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Dec 21 2020

Roasting Spanish Chestnuts Over An Open Health Market

An emblematic protagonist in Spanish gastronomy, chestnuts are reminiscent of autumn and winter, and often associated solely with the festive season. Yet chestnuts have slowly become a key player in the health food space.




Spanish chestnuts. Photo by: Unsplash


Spain is the fourth largest producer of chestnuts in the European Union producing approximately 16,000 tons per year and ranks among the top ten producers worldwide. Among European producers, Spain is preceded by Greece, which produces close to 32,000 tons, Portugal, which produces almost 27,000 tons annually, and Italy, which is currently the largest chestnut producer in Europe with an annual production of over 50,000 tons.

In Spain, most chestnut trees and plantations, and thereby chestnut producers, are concentrated in the northern and central regions of the country, where the climate is cooler, rainier, and mostly humid. These conditions greatly favor chestnut trees and their chestnut production yield.

The region with the greatest chestnut production is principally Galicia, located in the North West corner of Spain followed by other important regions such as Extremadura and León province in Castile León.

 

Spanish chestnuts. Photo by: IGP Castaña de Galicia



In recent years, Spain has lost market share both worldwide and within Europe due to difficulties with chestnut production loss resulting from drier-than-usual summers and blight fungus, a plant disease affecting chestnut trees. Despite these clear challenges, the market demand for chestnut products has nonetheless seen steady growth for some producers.

Spanish chestnuts, the nut par excellence

Nutritionally, chestnuts are considered to be the nut par excellence due to their multiple health benefits. Widely planted during Roman times, chestnuts have historically been prepared and consumed in distinct ways throughout the ages. They are a rich source of Vitamin B and C, and help strengthen the immune system. These tasty nuts are easy to digest, a rich source of dietary fibre, and a perfect nutrient-dense alternative for consumers who are either gluten-sensitive or who suffer from celiac disease.

Besides the traditional Christmas season, the chestnut market has seen an evolution in the creation of different products such as gluten-free, organic chestnut flours, ready-to-eat chestnut snacks, low-glycemic chestnut purees and alternatives like chestnut chocolate spreads for customers looking for healthier options. As such, the international and domestic markets have seen steady change due to more conscientious consumers.   

Companies such as Naiciña, a small family-run business based in Chantada, Lugo (Galicia), have been forerunners in the chestnut packaged goods space for the last thirty years. The company is purposefully located in the heart of chestnut country, says Miguel Ángel Areáns González, Chief Exective Officer at Naiciña, this fact gives them an undeniable competitive advantage when it comes to sourcing raw materials of the highest quality, states the CEO.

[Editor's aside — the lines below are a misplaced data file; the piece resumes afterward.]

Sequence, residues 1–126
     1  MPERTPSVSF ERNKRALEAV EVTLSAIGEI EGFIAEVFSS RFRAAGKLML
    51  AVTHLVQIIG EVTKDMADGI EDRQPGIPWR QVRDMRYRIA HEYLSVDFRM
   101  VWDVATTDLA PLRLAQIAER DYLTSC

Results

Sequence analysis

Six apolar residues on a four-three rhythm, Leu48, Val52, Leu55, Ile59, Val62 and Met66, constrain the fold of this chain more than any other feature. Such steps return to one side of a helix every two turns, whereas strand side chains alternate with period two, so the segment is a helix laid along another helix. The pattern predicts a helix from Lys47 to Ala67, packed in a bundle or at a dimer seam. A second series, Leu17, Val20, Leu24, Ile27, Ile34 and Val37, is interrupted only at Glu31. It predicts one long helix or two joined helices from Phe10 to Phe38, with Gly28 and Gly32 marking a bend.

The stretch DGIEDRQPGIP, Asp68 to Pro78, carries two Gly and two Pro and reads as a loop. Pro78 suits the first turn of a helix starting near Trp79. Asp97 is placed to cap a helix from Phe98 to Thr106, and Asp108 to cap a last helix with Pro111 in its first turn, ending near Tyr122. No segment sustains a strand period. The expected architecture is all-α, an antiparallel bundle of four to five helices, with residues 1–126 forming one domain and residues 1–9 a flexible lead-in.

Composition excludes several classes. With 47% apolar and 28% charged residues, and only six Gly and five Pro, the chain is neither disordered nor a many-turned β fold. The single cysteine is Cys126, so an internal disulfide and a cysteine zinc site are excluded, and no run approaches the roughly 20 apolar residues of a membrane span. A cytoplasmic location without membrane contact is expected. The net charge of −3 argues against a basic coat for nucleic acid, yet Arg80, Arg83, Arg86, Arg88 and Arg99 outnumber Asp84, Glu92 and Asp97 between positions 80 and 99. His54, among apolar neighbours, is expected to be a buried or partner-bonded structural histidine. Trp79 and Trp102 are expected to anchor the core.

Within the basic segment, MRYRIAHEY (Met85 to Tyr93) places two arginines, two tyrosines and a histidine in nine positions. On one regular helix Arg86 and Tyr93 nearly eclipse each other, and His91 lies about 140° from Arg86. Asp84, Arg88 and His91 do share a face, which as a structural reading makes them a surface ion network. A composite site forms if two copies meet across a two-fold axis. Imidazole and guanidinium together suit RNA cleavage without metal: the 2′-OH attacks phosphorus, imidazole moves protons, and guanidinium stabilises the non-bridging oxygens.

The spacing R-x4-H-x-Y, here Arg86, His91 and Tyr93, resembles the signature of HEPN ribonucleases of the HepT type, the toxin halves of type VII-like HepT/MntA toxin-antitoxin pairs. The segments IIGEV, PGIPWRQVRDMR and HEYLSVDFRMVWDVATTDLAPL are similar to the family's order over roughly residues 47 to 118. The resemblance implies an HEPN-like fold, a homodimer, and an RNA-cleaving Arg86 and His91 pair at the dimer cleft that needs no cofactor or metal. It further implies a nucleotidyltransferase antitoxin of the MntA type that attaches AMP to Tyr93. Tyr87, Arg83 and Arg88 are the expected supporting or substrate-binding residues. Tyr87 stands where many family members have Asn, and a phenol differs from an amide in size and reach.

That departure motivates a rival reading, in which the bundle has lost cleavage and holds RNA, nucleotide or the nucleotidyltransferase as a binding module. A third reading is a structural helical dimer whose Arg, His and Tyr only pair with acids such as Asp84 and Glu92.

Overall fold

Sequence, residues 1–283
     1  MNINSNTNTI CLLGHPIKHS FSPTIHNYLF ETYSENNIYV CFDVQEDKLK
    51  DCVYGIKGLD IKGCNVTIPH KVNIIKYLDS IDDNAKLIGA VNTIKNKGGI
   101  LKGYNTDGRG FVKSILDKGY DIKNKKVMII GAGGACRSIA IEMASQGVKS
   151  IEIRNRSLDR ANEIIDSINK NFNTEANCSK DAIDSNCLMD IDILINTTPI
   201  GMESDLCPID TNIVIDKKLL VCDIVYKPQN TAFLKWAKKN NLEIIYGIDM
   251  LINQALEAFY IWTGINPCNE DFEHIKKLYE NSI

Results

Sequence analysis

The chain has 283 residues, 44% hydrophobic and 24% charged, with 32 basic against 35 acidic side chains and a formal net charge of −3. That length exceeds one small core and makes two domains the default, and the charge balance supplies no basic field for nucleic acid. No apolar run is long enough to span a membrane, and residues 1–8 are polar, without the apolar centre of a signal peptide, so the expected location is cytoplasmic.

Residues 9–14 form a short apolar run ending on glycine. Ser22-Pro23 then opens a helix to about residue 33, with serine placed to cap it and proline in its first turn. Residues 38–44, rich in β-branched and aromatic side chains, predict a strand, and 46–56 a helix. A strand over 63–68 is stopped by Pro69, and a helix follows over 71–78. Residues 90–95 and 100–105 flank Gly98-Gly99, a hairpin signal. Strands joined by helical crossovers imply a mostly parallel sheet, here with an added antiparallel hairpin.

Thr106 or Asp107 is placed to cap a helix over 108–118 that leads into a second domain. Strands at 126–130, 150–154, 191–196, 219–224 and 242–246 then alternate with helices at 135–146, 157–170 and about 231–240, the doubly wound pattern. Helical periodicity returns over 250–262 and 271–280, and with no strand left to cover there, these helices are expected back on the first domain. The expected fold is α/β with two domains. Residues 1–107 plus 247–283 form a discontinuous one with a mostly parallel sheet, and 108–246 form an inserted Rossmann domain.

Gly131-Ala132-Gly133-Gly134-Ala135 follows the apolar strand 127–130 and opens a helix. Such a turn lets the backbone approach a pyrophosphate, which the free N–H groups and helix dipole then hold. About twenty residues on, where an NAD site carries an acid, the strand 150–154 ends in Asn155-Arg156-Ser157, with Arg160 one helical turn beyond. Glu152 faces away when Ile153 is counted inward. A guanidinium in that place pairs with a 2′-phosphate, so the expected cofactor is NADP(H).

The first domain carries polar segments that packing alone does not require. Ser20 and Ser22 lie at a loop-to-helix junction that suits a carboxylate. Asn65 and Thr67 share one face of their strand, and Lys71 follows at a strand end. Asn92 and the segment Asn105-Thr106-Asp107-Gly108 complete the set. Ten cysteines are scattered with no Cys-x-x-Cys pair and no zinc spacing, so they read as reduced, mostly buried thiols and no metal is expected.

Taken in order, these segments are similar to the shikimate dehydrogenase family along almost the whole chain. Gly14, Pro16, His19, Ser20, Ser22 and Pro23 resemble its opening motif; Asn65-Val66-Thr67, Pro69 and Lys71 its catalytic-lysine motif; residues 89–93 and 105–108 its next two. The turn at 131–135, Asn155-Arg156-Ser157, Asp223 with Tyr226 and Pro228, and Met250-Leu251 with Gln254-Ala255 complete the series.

Founded in 1972, the company has been producing and selling packaged chestnut products since 1985. It was the first Spanish company to sell chestnuts under the denomination of origin, IGP Castaña de Galicia, and the first to process, package and commercialize chestnut flour as early as 1998. Today, Naiciña sells mostly via their wholesale, hospitality product line, and direct-to-consumer distribution channels.

 

Spanish chestnuts. Photo by: IGP Castaña de Galicia

 

Naiciña, whose sales totaled 1.4 million euros in 2019, currently exports their products to the United Kingdom, Germany and Switzerland, the Unites States and Japan. They sell an array of products, says Areáns González, ranging from fresh, peeled and frozen chestnuts to packaged products such as chestnut snacks, crèmes, marmalades and purées, classic marron glacés, chestnut flours (conventional and certified organic), chestnut chocolate spread, and a unique chestnut and boletus mushroom paté.

In recent years the company has seen an increased demand of chestnut flour from customers that are more health-minded, explains Areáns González, particularly due to the increased awareness of allergies, adds the CEO. Domestic sales for chestnut flour have increased 200% year-over-year in recent years, and a steady rise in sales to health-minded customers and suppliers overseas account for 70% of international chestnut flour sales.

Companies such as Alibos Galicia S.L. also are dedicated to selling and distributing chestnuts to both domestic and international markets. Located in Monterroso (Lugo), Alibos Galicia is the largest industrial chestnut processor in Spain says, Rocío Freire, Production and Quality Manager at the company. While the company does not specialize in consumer-package-goods, it does supply peeled, deep frozen and ready-to-process chestnuts to many suppliers and large supermarket chains in France, Italy, Germany, Portugal, Switzerland and England, as well as Japan and the United States.

Most of these countries, says Freire, have a gastronomic tradition of using chestnuts in daily cooking, and thus have a much greater awareness of the health benefits of this nutrient-dense product. This, in turn, translates into higher demand for the product, adds the manager, particularly for suppliers selling to health-conscious consumers. While supplier demand has been steady during the pandemic, Alibos has experienced a greater demand from France and Switzerland for certified organic chestnuts. A clear sign of steadily growing demand for products of the highest quality, and of an ever-increasing focus on organic products as well, states Freire.

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